Google’s growing cloud just got a NoSQL database

It doesn’t have a cool name like Cassandra, Voldemort or MongoDB, but Google(s goog) is offering up a non-relational database called Google Cloud Datastore. Like almost everything the company has done since announcing its Compute Engine service at last year’s IO conference — including the rest of the features it announced on Wednesday — Cloud Datastore looks like a direct shot at current cloud champion Amazon(s amzn) Web Services.

googlecloudstoreAWS has a managed NoSQL database service called DynamoDB that’s replicated across three availability zones to ensure its stays up. Google’s Cloud Datastore sounds eerily similar, according to the product’s website (although Google calls its product “NoSQL-like). It’s fully managed, built for speed and scale and is replicated across data centers. For some queries, Google even promises that Cloud Datastore will support ACID transactions.

Although the services advertise similar features in terms of availability and scalability, they’re quite different technically. Cloud Datastore is based on Google’s BigTable database (and a library called Megastore on top of it) while DynamoDB is based on Amazon’s Dynamo database. You can get details on Datastore¬† and how it works here. Pricing information is available here.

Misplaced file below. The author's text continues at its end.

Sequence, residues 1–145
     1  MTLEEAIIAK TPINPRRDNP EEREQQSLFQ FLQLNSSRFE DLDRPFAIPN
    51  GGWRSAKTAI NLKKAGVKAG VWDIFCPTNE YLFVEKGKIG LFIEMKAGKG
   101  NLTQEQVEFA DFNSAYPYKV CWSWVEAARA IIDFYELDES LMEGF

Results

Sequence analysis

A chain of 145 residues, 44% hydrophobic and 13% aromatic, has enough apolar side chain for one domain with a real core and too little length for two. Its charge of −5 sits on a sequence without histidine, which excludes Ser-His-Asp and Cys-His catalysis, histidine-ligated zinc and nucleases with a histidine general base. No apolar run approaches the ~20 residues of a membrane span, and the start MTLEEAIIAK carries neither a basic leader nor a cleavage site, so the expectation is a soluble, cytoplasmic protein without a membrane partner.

If its goal is to compete with AWS, though, Google’s cloud platform still has a long way to go. Yes, it has most of the key services in place and even some seeming advantages in certain areas, but it’s lacking the incredible breadth of services AWS offers — everything from virtual server instances to a devops service to a hosted data warehouse. It’s also lacking a seven-year reputation for being an all-around reliable platform and an ever-growing list of large-enterprise users.

Of course, there’s also an argument to be made that Google doesn’t really have to compete with AWS at all when it comes to cloud computing. AWS made a name for itself by ¬†taking all the new workloads from startups and corporate developers who wanted to build new types of applications and didn’t want to deal with the IT department; Google has the same opportunity ahead of it. New programming languages like Go and the unique nature of the rest of Google’s services, Cloud Datastore included, could make it the go-to place for a class of developers that likes to push the envelope in terms of application design.

Oh, and Google has a little ace up its sleeve called Android. If someone is so inclined to develop mobile applications for the most-popular mobile operating system on the planet, there are worse places to host them.

This post was updated at 5:35 p.m. to clarify that DynamoDB and Cloud Datastore are based on different underlying technologies.